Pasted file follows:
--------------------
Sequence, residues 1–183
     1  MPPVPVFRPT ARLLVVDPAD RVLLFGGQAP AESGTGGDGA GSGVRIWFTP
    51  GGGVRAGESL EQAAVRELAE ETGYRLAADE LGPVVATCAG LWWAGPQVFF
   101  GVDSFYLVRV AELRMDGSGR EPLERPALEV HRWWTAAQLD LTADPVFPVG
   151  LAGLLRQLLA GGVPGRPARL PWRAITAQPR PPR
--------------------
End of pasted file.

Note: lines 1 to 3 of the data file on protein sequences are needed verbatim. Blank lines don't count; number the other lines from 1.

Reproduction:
Sequence, residues 1–183
     1  MPPVPVFRPT ARLLVVDPAD RVLLFGGQAP AESGTGGDGA GSGVRIWFTP
    51  GGGVRAGESL EQAAVRELAE ETGYRLAADE LGPVVATCAG LWWAGPQVFF